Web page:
Illustrating the link between anti-Zionism and antisemitism
The Commentator draws our attention today to the fact that Britain’s Sunday Times celebrated the anniversary of the liberation of Auschwitz—the date that is observed outside of Israel and the United States as Holocaust Memorial Day—by publishing a cartoon depicting Israeli Prime Minister Benjamin Netanyahu as a hook-nosed thug cementing helpless Arab victims into a wall whose bricks are lined with blood rather than mortar. This is an apt reminder of just how low Europe’s intellectual elites have sunk and how deep the taint of antisemitism is baked into the political culture of the West these days. As the Commentator’s Raheem Kassam points out, in Britain as in many other places, the Holocaust is not a historical lesson of the product of 2,000 years of antisemitism and Jewish powerlessness as it is an excuse to depict Israel as a Nazi-like entity.
The cartoon will be defended as fair comment about Israel’s security fence that the Palestinians and their foreign cheerleaders depict as a war crime. That this strictly defensive measure was made necessary by the Palestinians’ campaign of suicide bombings that cost the lives of a thousand Jews in the last decade goes unmentioned. The willingness of Israel-bashers to appropriate the Holocaust to promote a new generation of antisemitic imagery is rooted in a worldview in which the actions of the Palestinians, or their consistent refusal to make peace, are irrelevant. If even a fence to keep out suicide bombers can be seen as criminal then it is obvious that no terrorist outrage or act of hateful incitement (such as the Egyptian president’s belief that Israelis are the “descendants of apes and pigs”) is worthy of censure so long as Israelis are standing up for themselves and refusing to be slaughtered as the Jews of Europe were 70 years ago.
In the face of slanders such as this cartoon about Netanyahu, the facts are almost beside the point. In order for it to be considered a defensible point of view about the Middle East, you’d have to believe the artist and the editors who condoned its publication know nothing of why Israel built a security fence or that the terrorist campaign that it was built to stop was preceded by repeated Israeli offers of a Palestinian state that were refused and answered with war. Can it be that no one at the Sunday Times is aware of the fact that the Palestinians again refused (or rather fled from it to avoid answering) an even more generous peace offer in 2008 and have consistently refused to return to the negotiating table since then despite an Israeli settlement freeze, Netanyahu’s acceptance of a two-state solution and pleas for them to talk without preconditions? Those are mere details to be ignored when the big picture you are trying to draw is of an evil Israel and its evil leader hurting the innocent.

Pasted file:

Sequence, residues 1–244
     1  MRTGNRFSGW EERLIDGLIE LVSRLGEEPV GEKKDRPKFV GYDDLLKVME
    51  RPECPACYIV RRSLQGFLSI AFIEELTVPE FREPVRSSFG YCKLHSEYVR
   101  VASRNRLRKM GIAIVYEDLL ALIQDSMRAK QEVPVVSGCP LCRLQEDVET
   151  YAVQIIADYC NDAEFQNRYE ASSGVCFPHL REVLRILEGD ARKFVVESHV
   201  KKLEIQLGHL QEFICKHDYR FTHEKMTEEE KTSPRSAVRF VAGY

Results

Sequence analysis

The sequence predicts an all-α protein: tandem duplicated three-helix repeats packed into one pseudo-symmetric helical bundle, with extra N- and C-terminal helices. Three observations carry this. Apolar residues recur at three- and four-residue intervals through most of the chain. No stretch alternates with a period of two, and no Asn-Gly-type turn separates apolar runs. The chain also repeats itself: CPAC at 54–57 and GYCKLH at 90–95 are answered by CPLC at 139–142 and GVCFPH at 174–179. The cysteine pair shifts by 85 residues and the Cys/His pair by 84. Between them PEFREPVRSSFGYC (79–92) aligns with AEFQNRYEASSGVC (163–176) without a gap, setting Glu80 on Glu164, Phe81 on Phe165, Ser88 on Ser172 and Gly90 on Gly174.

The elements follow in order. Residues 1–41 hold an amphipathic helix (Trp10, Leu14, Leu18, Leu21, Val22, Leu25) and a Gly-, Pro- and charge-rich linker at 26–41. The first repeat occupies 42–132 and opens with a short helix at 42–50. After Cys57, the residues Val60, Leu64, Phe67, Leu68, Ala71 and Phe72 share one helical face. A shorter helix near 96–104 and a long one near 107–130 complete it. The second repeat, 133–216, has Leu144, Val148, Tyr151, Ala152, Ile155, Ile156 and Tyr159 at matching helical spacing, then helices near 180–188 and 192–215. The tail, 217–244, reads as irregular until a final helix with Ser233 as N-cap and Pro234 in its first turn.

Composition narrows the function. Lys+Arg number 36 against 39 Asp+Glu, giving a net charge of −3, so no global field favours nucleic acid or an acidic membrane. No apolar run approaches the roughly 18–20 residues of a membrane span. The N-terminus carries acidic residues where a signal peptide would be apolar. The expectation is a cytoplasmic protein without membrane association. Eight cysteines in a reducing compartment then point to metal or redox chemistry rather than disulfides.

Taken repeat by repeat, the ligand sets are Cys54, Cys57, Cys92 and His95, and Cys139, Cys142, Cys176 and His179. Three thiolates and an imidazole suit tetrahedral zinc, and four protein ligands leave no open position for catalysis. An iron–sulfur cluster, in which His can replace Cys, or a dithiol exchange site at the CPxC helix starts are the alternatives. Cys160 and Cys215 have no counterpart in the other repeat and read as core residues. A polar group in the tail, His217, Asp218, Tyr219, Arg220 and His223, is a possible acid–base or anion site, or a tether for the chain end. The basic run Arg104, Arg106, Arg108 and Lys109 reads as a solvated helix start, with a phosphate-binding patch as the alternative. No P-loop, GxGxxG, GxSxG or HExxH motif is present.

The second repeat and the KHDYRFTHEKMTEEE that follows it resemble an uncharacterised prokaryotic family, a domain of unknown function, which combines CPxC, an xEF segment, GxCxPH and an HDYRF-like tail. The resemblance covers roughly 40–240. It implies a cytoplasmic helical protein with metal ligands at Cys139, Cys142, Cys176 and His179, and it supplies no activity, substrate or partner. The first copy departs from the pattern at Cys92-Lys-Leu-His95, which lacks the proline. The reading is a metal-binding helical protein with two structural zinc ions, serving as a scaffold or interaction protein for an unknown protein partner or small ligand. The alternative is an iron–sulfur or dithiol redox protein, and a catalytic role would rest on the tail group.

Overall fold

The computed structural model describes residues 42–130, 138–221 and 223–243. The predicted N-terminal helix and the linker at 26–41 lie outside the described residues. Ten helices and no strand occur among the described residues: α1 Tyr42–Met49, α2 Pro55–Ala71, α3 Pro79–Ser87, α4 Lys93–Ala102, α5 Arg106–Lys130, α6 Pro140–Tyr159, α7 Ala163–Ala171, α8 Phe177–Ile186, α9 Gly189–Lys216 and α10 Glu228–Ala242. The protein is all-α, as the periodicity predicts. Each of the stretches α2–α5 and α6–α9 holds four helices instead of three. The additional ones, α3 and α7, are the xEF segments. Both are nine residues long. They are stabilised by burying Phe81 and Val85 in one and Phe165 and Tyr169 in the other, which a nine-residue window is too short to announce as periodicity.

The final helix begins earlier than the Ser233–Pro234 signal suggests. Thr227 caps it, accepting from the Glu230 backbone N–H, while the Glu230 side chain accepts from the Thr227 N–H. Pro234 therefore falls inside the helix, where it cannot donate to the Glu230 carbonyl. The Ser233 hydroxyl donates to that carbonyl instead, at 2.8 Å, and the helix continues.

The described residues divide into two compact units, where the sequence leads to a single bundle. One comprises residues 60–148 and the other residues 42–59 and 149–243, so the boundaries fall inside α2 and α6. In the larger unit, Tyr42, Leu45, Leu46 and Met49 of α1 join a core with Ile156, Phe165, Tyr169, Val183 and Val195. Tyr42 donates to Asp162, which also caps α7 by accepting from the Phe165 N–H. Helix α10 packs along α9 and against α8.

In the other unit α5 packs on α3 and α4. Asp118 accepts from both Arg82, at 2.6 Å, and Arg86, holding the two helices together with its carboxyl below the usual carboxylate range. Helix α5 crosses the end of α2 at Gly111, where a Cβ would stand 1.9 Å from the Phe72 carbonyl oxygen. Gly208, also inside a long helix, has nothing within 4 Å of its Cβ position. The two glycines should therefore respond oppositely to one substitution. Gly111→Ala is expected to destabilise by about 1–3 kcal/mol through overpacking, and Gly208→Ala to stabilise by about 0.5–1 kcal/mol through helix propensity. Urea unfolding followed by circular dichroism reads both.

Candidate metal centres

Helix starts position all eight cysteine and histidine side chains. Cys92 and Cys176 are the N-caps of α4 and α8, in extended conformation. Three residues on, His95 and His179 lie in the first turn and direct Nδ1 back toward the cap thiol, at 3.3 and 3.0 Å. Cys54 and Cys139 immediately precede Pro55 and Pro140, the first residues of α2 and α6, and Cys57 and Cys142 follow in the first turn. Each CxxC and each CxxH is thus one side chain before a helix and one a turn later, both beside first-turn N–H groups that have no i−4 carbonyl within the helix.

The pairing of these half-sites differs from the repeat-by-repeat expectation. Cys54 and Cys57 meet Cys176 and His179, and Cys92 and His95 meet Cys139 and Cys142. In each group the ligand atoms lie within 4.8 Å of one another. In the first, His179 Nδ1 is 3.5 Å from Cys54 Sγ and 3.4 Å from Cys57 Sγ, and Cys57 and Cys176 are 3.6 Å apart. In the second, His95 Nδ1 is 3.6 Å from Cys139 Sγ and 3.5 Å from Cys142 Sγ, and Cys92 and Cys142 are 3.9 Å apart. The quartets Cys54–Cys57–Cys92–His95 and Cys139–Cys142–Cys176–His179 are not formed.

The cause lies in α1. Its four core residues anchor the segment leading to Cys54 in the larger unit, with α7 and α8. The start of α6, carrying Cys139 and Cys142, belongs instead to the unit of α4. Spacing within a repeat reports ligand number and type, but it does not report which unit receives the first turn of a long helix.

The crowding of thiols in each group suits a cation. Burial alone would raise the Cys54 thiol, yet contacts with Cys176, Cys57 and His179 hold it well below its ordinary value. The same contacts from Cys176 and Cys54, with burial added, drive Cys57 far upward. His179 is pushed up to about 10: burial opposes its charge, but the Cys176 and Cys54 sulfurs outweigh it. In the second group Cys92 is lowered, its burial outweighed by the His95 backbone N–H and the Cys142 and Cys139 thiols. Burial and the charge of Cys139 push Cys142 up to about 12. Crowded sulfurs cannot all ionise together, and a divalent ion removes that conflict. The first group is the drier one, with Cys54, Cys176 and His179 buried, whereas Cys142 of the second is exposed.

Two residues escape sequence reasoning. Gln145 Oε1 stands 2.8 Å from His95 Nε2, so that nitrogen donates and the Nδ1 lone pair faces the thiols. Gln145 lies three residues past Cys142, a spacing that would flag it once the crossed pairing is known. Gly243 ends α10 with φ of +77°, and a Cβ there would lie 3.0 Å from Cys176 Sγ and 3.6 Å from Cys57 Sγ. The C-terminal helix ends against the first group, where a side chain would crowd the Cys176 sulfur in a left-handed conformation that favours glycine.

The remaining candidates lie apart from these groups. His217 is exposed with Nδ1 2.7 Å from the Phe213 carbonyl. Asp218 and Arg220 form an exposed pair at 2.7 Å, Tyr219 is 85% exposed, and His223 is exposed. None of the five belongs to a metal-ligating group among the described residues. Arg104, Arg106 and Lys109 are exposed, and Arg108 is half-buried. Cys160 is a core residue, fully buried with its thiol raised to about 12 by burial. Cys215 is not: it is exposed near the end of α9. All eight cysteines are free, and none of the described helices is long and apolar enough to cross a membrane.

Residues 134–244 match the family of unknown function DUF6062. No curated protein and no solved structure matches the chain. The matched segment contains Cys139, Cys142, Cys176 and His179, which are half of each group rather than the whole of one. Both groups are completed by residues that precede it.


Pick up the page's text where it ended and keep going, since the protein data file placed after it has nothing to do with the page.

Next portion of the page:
While many have seized on the fact that Netanyahu didn’t do as well as originally expected in this last week’s election as somehow being proof that Israelis are rejecting his views about the Palestinians, this is nonsense. The point about the election is that Netanyahu’s basic views about the peace process are now so clearly endorsed by a broad consensus that encompasses not only the Israeli right but also the center and even some on the left that the election was decided on other issues. Though some would like it to be different, there’s actually very little to differentiate Netanyahu’s foreign policy views from those of Yair Lapid or even Labor’s Shelly Yacimovich or Tzipi Livni, who actually campaigned on a platform of reviving the peace process.
The point is most Israelis have long given up on the Palestinians, whom they rightly understand to be light years away from the sort of sea change that would allow them to recognize the legitimacy of a Jewish state no matter where its borders were drawn. So, too, do they no longer listen to a Europe where blood libels like the Sunday Times cartoon are seen as commonplace and just a more sophisticated version of Morsi’s hate speech.
Israel is not perfect and its politicians can be criticized. But this commemoration of Europe’s Holocaust Memorial Day with such slanders shows the inability of those who believe Israel has no right to exist or to defend itself to discuss the Israeli-Palestinian dispute without resorting to imagery like that of the cartoon or Morsi’s imprecations. Though Israel-bashers claim labeling them as antisemites is unfair, their reflexive use of Nazi-like blood libels illustrates the link between anti-Zionism and antisemitism better than any argument their opponents can muster.